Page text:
Joined: 13 Aug 2007
Posts: 1747

PostPosted: Fri 09 Apr 2010, 12:53    Post subject:  

sunburnt


thanks I am always looking for some snippet to save a few steps
and I was able to play a bit and make an "emergency mount tool"
nothing fancy just works with rox and Xdialog
when you just set up a box


Quote:
BN=`basename $1`
mkdir -p /mnt/$BN
mount -o loop /dev/$BN /mnt/$BN
[ $? -eq 0 ]&& rox /mnt/$BN


that partial snippet above works well for drives




I went about making a list another way this works
Code:
fdisk -l  |egrep '(hd|sd)'| cut -f 1 -d ' ' | egrep -v 'Disk'| sed 's/\/dev\///'>/tmp/list_of_drives




this part isnt a stand alone working code it is an example of
what will change

with edit
going right to the devices listed instead of a drag N drop
when using drives
Code:

BN="`cat /tmp/list_of_drives`"
mkdir -p /mnt/$BN
mount -o loop /dev/$BN /mnt/$BN
[ $? -eq 0 ]&& rox /mnt/$BN







I played with it using Xdialog with rox this is a working final script

Code:
#!/bin/bash

rm -f /tmp/list_of_drives_viewer   
rm -f /tmp/list_of_drives
rm -f /tmp/body_list_of_drives_viewer   
rm -f /tmp/selected


#----------------------------------------
# generate  /tmp/list_of_drives
#----------------------------------------

fdisk -l  |egrep '(hd|sd)'| cut -f 1 -d ' ' | egrep -v 'Disk'| sed 's/\/dev\///'>/tmp/list_of_drives
#cat /tmp/list_of_drives



#----------------------------------------
#generate /tmp/body_list_of_drives_viewer   
#----------------------------------------     
for i in  `cat /tmp/list_of_drives` ; do
        echo \"$i\" \" \" OFF "\\">> /tmp/body_list_of_drives_viewer   
done 



#----------------------------------------
#   generate  list_of_drives_viewer
#----------------------------------------

#head of the viewer  (static)

cat << 'EOF' > /tmp/list_of_drives_viewer
#!/bin/sh
Xdialog --title " Drive you want to mount " \
--backtitle "Mount drives   "     \
--checklist "Select a drive to mount on /mnt       \
                                             \n"  0 0 0  \
EOF


#body of the viewer (dynamic)
                                             
#build the list                                           
echo "`cat /tmp/body_list_of_drives_viewer`">> /tmp/list_of_drives_viewer
echo '2> /tmp/selected'>> /tmp/list_of_drives_viewer



chmod a+x /tmp/list_of_drives_viewer
   
 
#----------------------------------------
# run the new "mounter"
#/tmp/list_of_drives_viewer
#----------------------------------------
   
. /tmp/list_of_drives_viewer


MOUNT_THIS="`cat /tmp/selected`"
mkdir -p /mnt/$MOUNT_THIS
mount -o loop /dev/$MOUNT_THIS /mnt/$MOUNT_THIS
[ $? -eq 0 ]&& rox /mnt/$MOUNT_THIS








Joe
image_mounter.png
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image_mounter.png


_________________
debian wheezy ,linux mint, slackware I use them all and they all have good points
Mint would be best for general users though

Last edited by big_bass on Wed 14 Apr 2010, 12:32; edited 2 times in total
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sunburnt


Joined: 08 Jun 2005
Posts: 5016
Location: Arizona, U.S.A.

PostPosted: Fri 09 Apr 2010, 14:51    Post subject:  

The " isn`t needed when assigning a string to a variable, only when you use it.
This preserves the "new lines" when it`s used with echo. echo "$BN" > (file)
Code:
BN="`cat /tmp/list_of_drives`"      "
BN=`cat /tmp/list_of_drives`      

AND... Better than using "cat":
Code:
BN=$(</tmp/list_of_drives)

Here`s a pix of my DriveMan app. I still need to fix a few items to finish it.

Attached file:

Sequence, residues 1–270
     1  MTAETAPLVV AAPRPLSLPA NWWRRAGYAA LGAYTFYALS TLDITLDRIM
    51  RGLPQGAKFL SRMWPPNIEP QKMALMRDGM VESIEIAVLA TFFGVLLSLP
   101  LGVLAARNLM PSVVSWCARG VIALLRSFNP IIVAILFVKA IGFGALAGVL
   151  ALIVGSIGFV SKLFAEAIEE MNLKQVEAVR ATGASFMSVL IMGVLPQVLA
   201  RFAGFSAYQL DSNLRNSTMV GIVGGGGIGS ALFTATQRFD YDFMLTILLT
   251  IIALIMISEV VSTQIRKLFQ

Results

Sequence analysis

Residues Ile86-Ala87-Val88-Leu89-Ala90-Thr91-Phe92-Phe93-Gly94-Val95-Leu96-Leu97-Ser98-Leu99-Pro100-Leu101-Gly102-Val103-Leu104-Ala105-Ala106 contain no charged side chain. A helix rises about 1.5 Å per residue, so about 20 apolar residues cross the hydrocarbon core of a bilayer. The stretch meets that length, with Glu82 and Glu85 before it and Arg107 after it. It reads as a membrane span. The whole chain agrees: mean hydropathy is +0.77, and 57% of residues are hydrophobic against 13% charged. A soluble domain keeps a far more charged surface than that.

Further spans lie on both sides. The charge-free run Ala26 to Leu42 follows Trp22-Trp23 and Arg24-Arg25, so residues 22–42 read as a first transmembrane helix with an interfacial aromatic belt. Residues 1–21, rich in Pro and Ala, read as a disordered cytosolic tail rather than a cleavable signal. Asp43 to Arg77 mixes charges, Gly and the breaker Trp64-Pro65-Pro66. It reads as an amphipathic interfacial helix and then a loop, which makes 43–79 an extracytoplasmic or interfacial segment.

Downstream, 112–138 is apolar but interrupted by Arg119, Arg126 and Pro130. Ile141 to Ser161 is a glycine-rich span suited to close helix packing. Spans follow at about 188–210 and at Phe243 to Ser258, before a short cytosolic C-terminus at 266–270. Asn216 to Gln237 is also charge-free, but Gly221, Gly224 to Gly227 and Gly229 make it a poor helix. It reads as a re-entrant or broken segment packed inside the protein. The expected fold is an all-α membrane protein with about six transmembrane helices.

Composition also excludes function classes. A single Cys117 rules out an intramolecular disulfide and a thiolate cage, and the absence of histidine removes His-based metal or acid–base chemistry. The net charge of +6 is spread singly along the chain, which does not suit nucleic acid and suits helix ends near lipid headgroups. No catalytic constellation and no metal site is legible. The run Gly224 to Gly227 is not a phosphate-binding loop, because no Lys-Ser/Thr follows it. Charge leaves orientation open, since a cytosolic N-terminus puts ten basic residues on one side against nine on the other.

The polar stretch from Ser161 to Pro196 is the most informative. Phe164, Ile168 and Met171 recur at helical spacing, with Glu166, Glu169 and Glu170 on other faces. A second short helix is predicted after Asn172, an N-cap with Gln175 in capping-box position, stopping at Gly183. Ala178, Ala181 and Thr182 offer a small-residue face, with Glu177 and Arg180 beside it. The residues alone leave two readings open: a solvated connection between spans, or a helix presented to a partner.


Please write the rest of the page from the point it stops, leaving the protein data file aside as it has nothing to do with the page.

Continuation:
000_DM_newest.png
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000_DM_newest.png

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big_bass

Joined: 13 Aug 2007
Posts: 1747

PostPosted: Fri 09 Apr 2010, 19:43    Post subject:  

Hey sunburnt
Code:

BN=$(</tmp/list_of_drives)

thanks again


Quote:
No buttons now... But getting the popup menu right is a trick.


I didn't see your code but anyway a tip

I discovered using Xdialog on different operating systems with different gtk themes the sizes go crazy when you preset values

it looks perfect on one system and borked on another

one trick is assign 0 0 0 when three values are needed and 0 0 when only two values are needed I noticed that on slackware everything I wrote in Xdialog works fine but on slax everything was cut
but I fixed it by changing to zeros for sizes


I recompiled xdialog with a patch I posted it in the src2pkg thread
a couple of days ago give it a try
http://www.murga-linux.com/puppy/viewtopic.php?t=51197&start=30
Joe

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debian wheezy ,linux mint, slackware I use them all and they all have good points
Mint would be best for general users though
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sunburnt


Joined: 08 Jun 2005
Posts: 5016
Location: Arizona, U.S.A.

PostPosted: Fri 09 Apr 2010, 19:56    Post subject:  

big_bass; I have a couple of text files of shell code scraps and some gtkDialog code.
If you`d like them I`ll PM them to you... T. Cool
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big_bass

Joined: 13 Aug 2007
Posts: 1747

PostPosted: Sat 10 Apr 2010, 16:25    Post subject:  

sunburnt

Quote:
big_bass; I have a couple of text files of shell code scraps and some gtkDialog code.
If you`d like them I`ll PM them to you... T.


yeah, I can check it out
thanks




this script is what the guy asked for just a simple command line script
that you could run on any distro to auto mount all drives
if you were in the console you could call it and auto load all the available drives on /mnt



Code:

#!/bin/sh

#call it  mount_all
# auto_mount all drives
# now if you  have to mount stuff from the command line only  here's  one
# unmount in /mnt     manually
# don't unmount a drive that has your save file !
# you have to "refresh"  to see the updated mounts in ROX
# this doesnt depend on xdialog or rox

fdisk -l  |egrep '(hd|sd)'| cut -f 1 -d ' ' | egrep -v 'Disk'| sed 's/\/dev\///'>/tmp/list_of_drives

for drive in  `cat /tmp/list_of_drives` ; do
 
mkdir -p /mnt/$drive
mount -o loop /dev/$drive /mnt/$drive
[ $? -eq 0 ]
           
done 





Joe

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Mint would be best for general users though